Now the Curmudgeonly Professor tackles a topic he is ill equipped to deal with since curmudgeonly professors, by definition, are junk collectors and messy people. However, he has had several phone conversations and emails from folks who read my earlier treatise on whether messy people are more successful than neat people, or vice versa, and feels compelled to offer some positive advice and encouragement to messy junk collectors. Here are the rules:
1. Buy a shredder. Just running a shredder for a couple of days and filling up plastic bags full of shredded papers will keep you entertained and provide some variety to your usual wasted days.
2. Throw out old apple cores, empty soda pop cans, stale sandwiches, non-functioning ball point pens, spent ink cartridges, and other relics.
3. Buy a book on decluttering. Read the first ten pages before you put it on your bookshelf and take a nap.
4. Try the "Three-item" rule. According to this rule, take care of three items from any pile of your clutter when you enter an uninhabitable room. If you go in and out of your room a number of times, and if you faithfully adhere to this rule, you can reduce your clutter by dozens of items in a day. But don't take time to read and entertain yourself with your old clutter. And simply moving your clutter items to another pile doesn't count.
5. Try the five-minute rule. Several times during the day, time yourself and spend five minutes at a whack cleaning up junk, throwing out clutter, and spraying Fabreze to freshen up your environment.
6. Pay bills buried in your clutter before the collection agency calls or your interest rate gets bumped to 45 percent.
7. Only answer letters from those who haven't passed on during your lengthy period of slovenliness and inattention.
8. Never allow someone else to clean your clutter up for you or you will be doomed and never find anything. Yesterday's Matlock episode was a fine example of this problem. Matlock hired a woman to keep house for him and she filed his stuff where he couldn't find it, thus irritating counselor Matlock to the nth degree.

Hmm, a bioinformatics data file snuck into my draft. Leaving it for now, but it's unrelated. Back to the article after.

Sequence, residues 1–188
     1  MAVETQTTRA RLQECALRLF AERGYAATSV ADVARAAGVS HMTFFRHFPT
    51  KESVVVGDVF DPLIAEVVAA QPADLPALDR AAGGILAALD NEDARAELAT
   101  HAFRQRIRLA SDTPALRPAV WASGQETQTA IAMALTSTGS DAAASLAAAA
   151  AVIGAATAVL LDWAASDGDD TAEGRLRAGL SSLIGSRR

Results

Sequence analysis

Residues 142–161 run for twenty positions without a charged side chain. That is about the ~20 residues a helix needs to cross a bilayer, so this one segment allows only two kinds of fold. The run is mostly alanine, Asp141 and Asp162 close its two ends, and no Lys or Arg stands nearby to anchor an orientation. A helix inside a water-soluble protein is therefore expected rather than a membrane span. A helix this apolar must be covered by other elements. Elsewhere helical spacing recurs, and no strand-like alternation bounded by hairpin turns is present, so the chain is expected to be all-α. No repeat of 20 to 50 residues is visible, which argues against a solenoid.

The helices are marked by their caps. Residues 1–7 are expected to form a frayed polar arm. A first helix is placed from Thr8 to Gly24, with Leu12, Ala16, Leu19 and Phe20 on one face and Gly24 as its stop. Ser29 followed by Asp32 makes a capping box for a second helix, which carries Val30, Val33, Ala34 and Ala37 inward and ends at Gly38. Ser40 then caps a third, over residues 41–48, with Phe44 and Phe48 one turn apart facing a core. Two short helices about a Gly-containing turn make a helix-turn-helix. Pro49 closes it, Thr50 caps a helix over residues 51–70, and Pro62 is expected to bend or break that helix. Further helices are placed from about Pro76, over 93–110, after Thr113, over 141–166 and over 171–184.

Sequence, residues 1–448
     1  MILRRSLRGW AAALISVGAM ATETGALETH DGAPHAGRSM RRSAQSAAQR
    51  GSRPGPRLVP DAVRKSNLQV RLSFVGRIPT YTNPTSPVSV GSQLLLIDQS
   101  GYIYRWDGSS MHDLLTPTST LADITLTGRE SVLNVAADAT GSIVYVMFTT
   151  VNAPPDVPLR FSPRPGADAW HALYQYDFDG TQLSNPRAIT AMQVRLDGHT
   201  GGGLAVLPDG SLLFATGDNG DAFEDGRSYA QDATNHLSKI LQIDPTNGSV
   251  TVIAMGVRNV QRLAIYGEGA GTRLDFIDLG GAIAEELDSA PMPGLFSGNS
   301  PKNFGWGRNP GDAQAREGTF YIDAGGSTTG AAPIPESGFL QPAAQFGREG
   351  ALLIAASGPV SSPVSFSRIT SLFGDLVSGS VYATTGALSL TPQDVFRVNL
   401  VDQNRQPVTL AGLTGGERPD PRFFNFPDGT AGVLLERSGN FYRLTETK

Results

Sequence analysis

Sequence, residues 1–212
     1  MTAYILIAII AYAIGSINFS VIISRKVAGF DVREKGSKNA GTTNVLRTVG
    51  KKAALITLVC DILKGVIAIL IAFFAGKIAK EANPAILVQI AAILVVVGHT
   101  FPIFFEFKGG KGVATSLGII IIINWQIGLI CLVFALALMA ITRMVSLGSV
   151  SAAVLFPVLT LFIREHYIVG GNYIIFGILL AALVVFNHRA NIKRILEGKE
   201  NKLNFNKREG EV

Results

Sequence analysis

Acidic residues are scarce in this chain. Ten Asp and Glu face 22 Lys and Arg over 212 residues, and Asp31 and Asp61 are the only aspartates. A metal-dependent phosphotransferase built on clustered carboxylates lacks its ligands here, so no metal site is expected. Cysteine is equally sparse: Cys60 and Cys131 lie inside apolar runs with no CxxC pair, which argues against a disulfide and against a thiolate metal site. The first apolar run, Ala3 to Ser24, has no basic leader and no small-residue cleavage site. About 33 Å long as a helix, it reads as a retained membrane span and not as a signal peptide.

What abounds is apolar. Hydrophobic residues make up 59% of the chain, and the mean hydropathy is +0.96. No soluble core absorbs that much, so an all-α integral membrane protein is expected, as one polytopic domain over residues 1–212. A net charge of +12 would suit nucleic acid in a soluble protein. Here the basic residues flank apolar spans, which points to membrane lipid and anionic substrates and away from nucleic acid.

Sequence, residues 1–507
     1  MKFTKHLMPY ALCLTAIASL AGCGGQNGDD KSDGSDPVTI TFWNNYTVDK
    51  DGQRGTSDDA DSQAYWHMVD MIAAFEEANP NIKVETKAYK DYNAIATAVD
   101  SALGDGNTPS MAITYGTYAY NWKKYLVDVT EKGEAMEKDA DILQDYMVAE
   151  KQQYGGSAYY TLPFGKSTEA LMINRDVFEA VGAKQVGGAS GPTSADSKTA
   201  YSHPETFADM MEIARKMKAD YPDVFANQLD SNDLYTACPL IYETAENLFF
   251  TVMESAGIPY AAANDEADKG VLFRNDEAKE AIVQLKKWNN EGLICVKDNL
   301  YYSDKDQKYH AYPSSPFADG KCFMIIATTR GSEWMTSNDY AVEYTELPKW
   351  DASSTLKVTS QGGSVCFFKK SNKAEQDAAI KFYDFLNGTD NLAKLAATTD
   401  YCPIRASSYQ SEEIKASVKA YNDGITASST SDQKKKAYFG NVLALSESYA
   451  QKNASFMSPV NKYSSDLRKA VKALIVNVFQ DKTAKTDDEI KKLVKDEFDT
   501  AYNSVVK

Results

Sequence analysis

9. Don't get so attached to your junk that you can't thin it out without traumatizing yourself. Remember the old rule, which applies to romance as well as clutter: "Out of sight, out of mind." After all you haven't paid any attention to whatever it is for weeks, or months, or years, so why do you think you would shed tears over it if you noticed it was gone six months from now?
If you really think it necessary, you could buy a book on overcoming bad habits and decluttering, but you're a mature and responsible person and, with the above pointers, we can all look forward to neater and more efficient spaces. You could have decluttered yourself in the time it took you to buy and read a book, which most people won't pay any attention to anyway. The Curmudgeonly Professor has saved you time and money and pointed the route to a happier, clutter-free life. I just don't want to know how fast you mess everything up again with a new round of clutter since, as we all know, the fundamental nature of messy people is that once messy, always messy. It's just the way we are. So help us.